What is collagen anyway? Collagen is the most prevalent connective tissue protein in the body. It plays a role in healthy skin, muscles, tendons, and ligaments. Basically, it's the "glue" that holds organs in place, attaches muscle to bone, and knits skin cells into elastic sheets.
To make collagen, the body needs adequate amounts of the following nutrients.
What it does: Protein produces lysine, proline, and other amino acids that the body uses to make collagen.
Foods: Beef, chicken, tuna, cod, shrimp, beans, eggs, gelatin, cheese (Parmesan, Romano, Gruyere, and Swiss), roasted soybeans, tofu, and lentils.
Daily amount: 50 g/day (this is based on a 2,000 calorie diet and may be higher or lower depending on specific needs)
What it does: Zinc promotes cell growth, cell division, wound healing, and healthy elastic skin.
Foods: Almonds, beans, beef, turkey, eggs, oysters, salmon, shrimp, quinoa, lentils, spinach, and pumpkin seeds.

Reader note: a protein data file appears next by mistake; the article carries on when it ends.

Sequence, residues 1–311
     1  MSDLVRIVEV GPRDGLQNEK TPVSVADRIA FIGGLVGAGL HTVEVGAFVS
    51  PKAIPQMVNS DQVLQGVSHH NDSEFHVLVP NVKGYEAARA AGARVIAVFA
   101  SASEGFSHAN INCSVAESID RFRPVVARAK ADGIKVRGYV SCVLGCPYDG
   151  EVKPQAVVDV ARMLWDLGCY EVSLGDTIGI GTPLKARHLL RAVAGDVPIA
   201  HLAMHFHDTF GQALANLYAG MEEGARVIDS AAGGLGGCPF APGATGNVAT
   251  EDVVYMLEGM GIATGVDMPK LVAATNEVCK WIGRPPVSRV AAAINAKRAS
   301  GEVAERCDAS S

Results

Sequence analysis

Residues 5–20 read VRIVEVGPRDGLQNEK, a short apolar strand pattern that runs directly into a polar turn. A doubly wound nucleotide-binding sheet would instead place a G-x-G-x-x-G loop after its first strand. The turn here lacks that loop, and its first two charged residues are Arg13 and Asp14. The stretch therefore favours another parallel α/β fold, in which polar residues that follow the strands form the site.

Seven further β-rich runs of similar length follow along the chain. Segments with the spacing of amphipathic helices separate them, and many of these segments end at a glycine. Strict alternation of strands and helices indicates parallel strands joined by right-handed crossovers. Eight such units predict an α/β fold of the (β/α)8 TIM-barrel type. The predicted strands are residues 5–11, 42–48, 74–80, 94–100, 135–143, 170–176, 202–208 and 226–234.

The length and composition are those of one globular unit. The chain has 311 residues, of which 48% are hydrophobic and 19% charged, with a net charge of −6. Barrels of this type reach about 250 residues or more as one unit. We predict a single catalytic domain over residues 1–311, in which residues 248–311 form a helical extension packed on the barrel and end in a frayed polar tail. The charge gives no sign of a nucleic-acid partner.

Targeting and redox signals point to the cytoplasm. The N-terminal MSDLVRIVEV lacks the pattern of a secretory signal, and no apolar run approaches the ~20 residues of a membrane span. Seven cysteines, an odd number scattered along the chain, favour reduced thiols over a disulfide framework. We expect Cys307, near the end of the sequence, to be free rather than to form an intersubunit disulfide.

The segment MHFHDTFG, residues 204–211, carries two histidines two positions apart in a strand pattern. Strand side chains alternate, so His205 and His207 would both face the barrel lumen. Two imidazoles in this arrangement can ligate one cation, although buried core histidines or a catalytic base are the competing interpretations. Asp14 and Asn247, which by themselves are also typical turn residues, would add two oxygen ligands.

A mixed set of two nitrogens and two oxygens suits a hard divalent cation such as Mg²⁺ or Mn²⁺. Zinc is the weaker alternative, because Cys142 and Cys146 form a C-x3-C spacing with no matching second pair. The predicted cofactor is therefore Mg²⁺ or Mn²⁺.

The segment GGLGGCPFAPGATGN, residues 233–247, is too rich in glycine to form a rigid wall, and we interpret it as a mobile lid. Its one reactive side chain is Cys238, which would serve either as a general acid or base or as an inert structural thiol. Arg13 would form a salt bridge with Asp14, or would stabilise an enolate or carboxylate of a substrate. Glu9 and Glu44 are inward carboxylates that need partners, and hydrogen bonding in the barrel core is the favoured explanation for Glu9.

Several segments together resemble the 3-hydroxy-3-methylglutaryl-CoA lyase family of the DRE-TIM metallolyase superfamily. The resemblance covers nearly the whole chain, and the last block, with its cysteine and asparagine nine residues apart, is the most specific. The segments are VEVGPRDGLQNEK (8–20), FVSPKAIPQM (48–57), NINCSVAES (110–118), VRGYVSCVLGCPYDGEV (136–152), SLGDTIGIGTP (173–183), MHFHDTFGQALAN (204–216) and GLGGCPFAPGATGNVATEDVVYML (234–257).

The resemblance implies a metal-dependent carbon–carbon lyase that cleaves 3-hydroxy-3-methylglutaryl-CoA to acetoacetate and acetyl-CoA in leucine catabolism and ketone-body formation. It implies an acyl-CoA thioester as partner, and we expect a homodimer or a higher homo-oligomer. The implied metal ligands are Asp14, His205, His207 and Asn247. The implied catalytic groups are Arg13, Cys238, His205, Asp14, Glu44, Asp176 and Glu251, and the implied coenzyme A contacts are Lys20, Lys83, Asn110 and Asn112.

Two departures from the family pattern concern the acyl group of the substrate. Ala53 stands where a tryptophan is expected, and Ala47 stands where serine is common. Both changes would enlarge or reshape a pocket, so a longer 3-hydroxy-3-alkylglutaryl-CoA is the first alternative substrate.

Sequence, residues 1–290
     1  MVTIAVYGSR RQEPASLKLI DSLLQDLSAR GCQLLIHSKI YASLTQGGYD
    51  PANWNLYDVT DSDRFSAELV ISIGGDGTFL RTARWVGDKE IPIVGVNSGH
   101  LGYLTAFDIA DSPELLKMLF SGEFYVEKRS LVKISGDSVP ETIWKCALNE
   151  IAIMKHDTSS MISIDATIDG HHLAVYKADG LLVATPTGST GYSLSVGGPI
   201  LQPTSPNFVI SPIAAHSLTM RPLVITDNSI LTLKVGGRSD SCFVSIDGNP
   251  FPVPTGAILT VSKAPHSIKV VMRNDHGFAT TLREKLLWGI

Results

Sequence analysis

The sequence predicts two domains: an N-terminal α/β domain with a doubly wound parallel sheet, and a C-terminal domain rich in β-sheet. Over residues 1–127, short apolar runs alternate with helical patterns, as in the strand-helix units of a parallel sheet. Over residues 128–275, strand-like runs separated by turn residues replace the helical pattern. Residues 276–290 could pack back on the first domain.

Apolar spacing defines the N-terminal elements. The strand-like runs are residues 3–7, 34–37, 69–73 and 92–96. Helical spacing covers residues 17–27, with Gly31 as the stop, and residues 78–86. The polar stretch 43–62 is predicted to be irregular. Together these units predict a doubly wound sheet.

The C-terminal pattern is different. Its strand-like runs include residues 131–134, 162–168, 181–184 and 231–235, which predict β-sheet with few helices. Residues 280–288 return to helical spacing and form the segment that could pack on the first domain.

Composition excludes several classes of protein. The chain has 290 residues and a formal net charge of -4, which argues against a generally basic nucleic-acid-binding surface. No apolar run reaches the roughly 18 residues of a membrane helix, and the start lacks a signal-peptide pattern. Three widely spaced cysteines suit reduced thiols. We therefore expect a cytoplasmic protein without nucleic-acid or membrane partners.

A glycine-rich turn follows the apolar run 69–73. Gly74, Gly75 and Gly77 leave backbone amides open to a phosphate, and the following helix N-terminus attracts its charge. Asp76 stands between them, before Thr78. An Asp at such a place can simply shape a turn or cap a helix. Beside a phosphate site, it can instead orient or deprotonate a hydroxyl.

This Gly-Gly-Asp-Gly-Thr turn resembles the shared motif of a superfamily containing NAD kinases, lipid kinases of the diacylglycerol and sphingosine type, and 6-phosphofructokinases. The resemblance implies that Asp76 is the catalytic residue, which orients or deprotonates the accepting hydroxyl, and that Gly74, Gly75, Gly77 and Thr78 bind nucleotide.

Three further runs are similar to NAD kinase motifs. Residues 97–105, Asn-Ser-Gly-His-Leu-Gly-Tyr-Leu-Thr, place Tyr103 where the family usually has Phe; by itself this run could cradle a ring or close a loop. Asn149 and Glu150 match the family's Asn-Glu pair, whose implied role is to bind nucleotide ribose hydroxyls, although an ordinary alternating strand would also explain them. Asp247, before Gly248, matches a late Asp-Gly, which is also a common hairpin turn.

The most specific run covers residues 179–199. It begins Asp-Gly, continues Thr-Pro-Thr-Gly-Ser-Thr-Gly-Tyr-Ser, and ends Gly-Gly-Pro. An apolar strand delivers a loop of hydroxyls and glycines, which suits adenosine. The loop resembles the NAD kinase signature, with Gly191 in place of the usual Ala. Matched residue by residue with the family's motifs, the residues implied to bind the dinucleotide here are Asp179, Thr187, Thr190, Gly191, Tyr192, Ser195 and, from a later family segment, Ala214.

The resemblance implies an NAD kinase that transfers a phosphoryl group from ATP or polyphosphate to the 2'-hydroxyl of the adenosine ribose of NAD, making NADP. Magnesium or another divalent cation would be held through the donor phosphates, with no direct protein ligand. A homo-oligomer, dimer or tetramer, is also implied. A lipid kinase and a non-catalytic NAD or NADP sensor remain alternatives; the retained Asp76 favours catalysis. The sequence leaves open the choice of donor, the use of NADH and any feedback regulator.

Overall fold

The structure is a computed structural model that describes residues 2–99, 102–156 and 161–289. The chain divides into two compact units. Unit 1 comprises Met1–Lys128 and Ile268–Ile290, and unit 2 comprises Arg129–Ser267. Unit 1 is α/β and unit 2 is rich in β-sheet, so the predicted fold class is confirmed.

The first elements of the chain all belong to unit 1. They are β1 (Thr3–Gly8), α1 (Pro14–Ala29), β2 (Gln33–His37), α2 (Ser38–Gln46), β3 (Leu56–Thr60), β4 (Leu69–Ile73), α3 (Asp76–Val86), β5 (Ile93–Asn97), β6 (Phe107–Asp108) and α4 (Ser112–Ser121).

Daily amount: Men 11mg/day; women 8mg/day (women ages 14 to 18, 9mg/day)
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What it does: Vitamin C fights damage to connective tissue caused by inflammation and free radicals.
Foods: Oranges, grapefruit, blackberries, blueberries, raspberries, strawberries, cranberries, kiwi, watermelon, bell peppers, tomatoes, broccoli, kale, and green beans.
Daily amount: Men 90 mg/day, women 75 mg/day
What it does: The body requires small amounts of copper to replace damaged connective tissue.
Foods: Liver, oysters, lobster, beef, shiitake mushrooms, cashews, almonds, sesame seeds, cooked Swiss chard, cooked spinach, pumpkin seeds.
Daily amount: Ages 19 and older, 900 mg/day; 14 to 18, 890 mcg/day
What it does: Bone broth is a popular drink or food due to its collagen content. However, the jury is still out on whether the collagen goes straight to joints, skin or areas of the body. That said, it does contain many beneficial nutrients such as calcium and vitamin A.
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